Patriarch Daniel quoted a homily by St. John Chrysostom, where the great hierarch imagines a continuation of the dialogue in the Gospel passage about the Last Judgment: “For I was hungry and you gave me something to eat, I was thirsty and you gave me something to drink, I was a stranger and you invited me in, I needed clothes and you clothed me, I was sick and you looked after me, I was in prison and you came to visit me” (Matthew 25:31-46)
But Lord, why do you not bring other roads to mind? “I do not judge the sin,” He says, “but the inhumanity. I do not judge the ones who have sinned, but the ones who did not repent. I judge you severely for your inhumanity, because you disregard such beneficence, although you had almsgiving as such a great medicine of salvation, by which all sins are blotted out. I reproach, therefore, inhumanity as the root of wickedness and of every impiety. I praise love toward mankind as the root of all goods, and I threaten the inhumane with the eternal fire; to the beneficent I promise the Kingdom of the Heavens. (St John Chrysostom, Homily 7 on Repentance and Compunction, 26)
“Here we see that the ultimate criterion of people’s judgment is their way of being human, of being generous, of being merciful, of having sensitivity, of feeling the desire to give help to the helpless and to do good to those who need it,” the Patriarch of Romania explained.
“Today’s gospel reading teaches us that it is not enough not to harm anyone, but we must do much good to all the people we can help,” His Beatitude said Sunday at the Chapel of the Patriarchal Residence.
God does not accept carelessness and indifference, the Patriarch stressed, because there is a lot of selfishness in them. Whereas in almsgiving, in doing good, a great deal of merciful love is seen; the merciful love of Christ is seen working through compassionate people.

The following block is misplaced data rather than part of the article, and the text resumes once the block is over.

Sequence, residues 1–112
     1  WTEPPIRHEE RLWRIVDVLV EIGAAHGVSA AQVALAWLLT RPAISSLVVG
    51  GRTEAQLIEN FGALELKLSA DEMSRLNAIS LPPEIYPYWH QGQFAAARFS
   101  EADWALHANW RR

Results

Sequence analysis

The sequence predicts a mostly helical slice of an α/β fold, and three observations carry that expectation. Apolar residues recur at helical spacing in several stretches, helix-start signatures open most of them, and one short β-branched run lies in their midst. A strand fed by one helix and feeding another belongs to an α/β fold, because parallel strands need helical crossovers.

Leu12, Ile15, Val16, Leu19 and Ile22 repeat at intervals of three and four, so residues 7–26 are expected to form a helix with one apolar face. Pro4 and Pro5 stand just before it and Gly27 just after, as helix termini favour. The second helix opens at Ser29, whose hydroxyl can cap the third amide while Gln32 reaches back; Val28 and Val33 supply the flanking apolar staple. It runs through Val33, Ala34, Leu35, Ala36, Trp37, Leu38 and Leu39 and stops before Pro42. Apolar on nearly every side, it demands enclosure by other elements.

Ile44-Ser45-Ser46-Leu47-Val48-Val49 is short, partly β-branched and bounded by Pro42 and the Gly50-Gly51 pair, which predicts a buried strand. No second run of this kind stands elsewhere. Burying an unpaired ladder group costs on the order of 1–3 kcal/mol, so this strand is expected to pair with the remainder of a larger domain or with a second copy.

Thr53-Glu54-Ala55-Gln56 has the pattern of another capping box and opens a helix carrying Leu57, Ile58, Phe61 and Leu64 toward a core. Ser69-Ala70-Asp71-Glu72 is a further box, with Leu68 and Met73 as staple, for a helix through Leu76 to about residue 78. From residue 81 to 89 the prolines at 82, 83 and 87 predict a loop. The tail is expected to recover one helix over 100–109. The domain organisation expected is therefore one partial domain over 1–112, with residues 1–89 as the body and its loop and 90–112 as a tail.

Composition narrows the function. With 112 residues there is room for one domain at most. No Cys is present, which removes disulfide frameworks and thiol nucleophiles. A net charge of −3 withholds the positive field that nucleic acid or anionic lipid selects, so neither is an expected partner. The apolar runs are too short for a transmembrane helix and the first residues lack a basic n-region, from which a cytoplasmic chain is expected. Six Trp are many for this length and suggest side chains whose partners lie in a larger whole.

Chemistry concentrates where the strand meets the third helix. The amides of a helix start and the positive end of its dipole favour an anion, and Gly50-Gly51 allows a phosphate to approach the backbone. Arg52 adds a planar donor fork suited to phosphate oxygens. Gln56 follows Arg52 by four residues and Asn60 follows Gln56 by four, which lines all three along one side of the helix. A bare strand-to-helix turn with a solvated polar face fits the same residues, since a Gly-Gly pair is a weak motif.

A Mobilizing Gospel
His Beatitude Patriarch Daniel said that this gospel passage inspired the Church’s philanthropic work.
“Along with other texts in the Holy Scriptures, especially the New Testament, this gospel urged the Church to help the hungry and thirsty by building canteens for the poor, to help the sick by building medical units to alleviate suffering, to help those imprisone by visiting them, by praying for them and not letting them fall into despair.”
“This gospel of the Dreadful Judgment is a mobilizing gospel.”
Another aspect highlighted by the Patriarch in his Sunday sermon was that almsgiving can be both material and spiritual.
“If we cannot help someone materially, we can still help them spiritually: first, we remember them in prayer, we pray for their health and salvation – especially for the sick, for the sad, for the lonely, distressed; then, we help our fellow human beings in need with a good word, a word of encouragement, a word of consolation, a word of reinforcement, a word of appreciation. Many people suffer from loneliness and forgetfulness. We can do alms through our presence in the house of a sick person, next to their suffering bed or visiting the jail.”
St. John Chrysostom remarked that the Saviour did not say, “I was sick, and you did not heal me,” or “I was in prison, and you did not save me,” but “I was sick and you did not look after me, or in prison and you did not come to visit Me.”
“So the Saviour does not ask of us what we cannot offer,” Patriarch Daniel stressed.
“In many ways and in many moments of life we can do alms. And by making selfless almsgiving, not to be praised by people but almsgiving springing from humble and generous love, then we become the hands of Christ’s merciful love and feel His humble and merciful love working in us. And those who receive alms from our hand receive it as from the hand of God,” Patriarch Daniel said, ending his speech.